October 20, 2021
Wilma Co-Artistic Director Yury Urnov was our lead artistic director during our fully virtual 2020-21 Season, where the Wilma created acclaimed digital productions, such as ‘Heroes of the Fourth Turning’ and ‘Fat Ham.’ Yury, however, did not helm any of that season’s productions, as the play he had planned to direct – ‘Minor Character’ – was delayed until the current 2021-22 Season.
‘Minor Character’ is now both the first show to be staged in our re-opened theater, and the first Wilma in-person production to be filmed and edited for a digital release.
‘Minor Character’ is a remix of six English translations of Anton Chekhov’s Russian masterpiece ‘Uncle Vanya.‘ Critics have been rapturous in their praise, calling it “a comic gem” and saying it “absolutely should not be missed.”
In this Q&A, Yury – who was born in Moscow – reflects upon leading the production and watching the reactions to ‘Minor Character.’
Q: What was your favorite part of the ‘Minor Character’ process and why?
Yury Urnov: Working with the Wilma HotHouse Acting Company. I believe HotHouse actors are able to do more than any playwright or director can imagine asking for. They constantly challenge you to keep up with them, they make you grow as a director, be a better artist and human being.
What has surprised you about the audience’s and critics’ reactions so far?
Yury: Doing more experimental work, one gets used to receiving very mixed reaction – from loving to hating. This time we are getting a lot of love back, and it feels very, very good.
I believe HotHouse actors are able to do more than any playwright or director can imagine asking for.Yury Urnov
In addition to directing ‘Minor Character,’ you are also serving at the cultural liaison for ‘Cherry Orchard.’ What did you learn about working on playwright Anton Chekhov’s play with the HotHouse that you will share with ‘Cherry Orchard’ director Dmitry Krymov?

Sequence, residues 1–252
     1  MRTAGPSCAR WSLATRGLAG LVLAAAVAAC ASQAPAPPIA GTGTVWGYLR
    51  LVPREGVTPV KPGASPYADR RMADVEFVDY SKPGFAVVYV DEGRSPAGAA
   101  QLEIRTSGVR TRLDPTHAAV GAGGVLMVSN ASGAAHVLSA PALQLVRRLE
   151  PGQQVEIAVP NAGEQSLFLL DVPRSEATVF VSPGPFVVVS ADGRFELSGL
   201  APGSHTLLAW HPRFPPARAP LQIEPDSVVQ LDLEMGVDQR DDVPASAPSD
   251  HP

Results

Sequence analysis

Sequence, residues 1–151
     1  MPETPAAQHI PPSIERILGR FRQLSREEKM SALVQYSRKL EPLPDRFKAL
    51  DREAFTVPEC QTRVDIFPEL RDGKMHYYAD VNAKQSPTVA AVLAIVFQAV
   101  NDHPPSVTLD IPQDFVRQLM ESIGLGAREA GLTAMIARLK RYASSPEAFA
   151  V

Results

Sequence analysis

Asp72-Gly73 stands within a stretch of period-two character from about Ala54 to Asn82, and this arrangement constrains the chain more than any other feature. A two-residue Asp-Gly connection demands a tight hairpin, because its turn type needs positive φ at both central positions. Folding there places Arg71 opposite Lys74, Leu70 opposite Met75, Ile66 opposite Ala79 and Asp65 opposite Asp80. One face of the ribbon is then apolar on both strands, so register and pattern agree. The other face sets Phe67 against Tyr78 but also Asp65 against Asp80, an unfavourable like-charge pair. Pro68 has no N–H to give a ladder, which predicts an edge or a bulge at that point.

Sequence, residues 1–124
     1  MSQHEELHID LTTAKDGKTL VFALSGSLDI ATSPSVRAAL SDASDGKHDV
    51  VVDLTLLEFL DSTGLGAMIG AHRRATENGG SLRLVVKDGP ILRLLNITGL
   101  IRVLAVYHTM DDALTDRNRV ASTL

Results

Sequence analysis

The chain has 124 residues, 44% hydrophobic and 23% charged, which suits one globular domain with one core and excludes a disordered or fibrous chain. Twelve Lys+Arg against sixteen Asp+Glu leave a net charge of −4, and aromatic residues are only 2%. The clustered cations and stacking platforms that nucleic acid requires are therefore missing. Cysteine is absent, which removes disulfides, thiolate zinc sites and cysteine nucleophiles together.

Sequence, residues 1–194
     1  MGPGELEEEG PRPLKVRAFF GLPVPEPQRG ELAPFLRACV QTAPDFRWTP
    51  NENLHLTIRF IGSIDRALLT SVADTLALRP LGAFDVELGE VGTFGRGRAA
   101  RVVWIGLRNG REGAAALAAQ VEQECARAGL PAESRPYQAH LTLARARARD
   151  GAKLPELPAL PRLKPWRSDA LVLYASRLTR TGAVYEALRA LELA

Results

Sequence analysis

Yury: Learning more about Chekhov’s very short but very full life helped us to build more personal feelings and sympathy for him, to get rid of some clichés and prejudices we all have. We were also learning more about ourselves, about the moment in American history we are going through. I will try to share this experience with Dmitry the best I can, but I’m also sure he and HotHouse will have their own journey.
What do Russians understand about Chekhov that you had to teach Americans during this process?
Yury: I don’t really believe that Russians know more about Chekhov, or that Americans know more about Albee than other people do. I think the play happens here and now, in this particular theater, town, country, moment. I don’t think there is a “right” or a “wrong” way of putting up a play. One thing we can do when approaching older text, is try to look at it as if it was written yesterday by a playwright living next door to us. And I think it’s important to mention that neither New Saloon’s Minor Character nor Krymov’s Cherry Orchard are exactly Chekhov’s plays – both are playful interpretations, riffs.
Anything else you learned worth sharing?
Yury: Live theater is still my favorite thing in the world. Actors are the best creatures of all. Chekhov wrote great plays.
Neither New Saloon’s Minor Character nor Krymov’s Cherry Orchard are exactly Chekhov’s plays – both are playful interpretations, riff-offs.Yury Urnov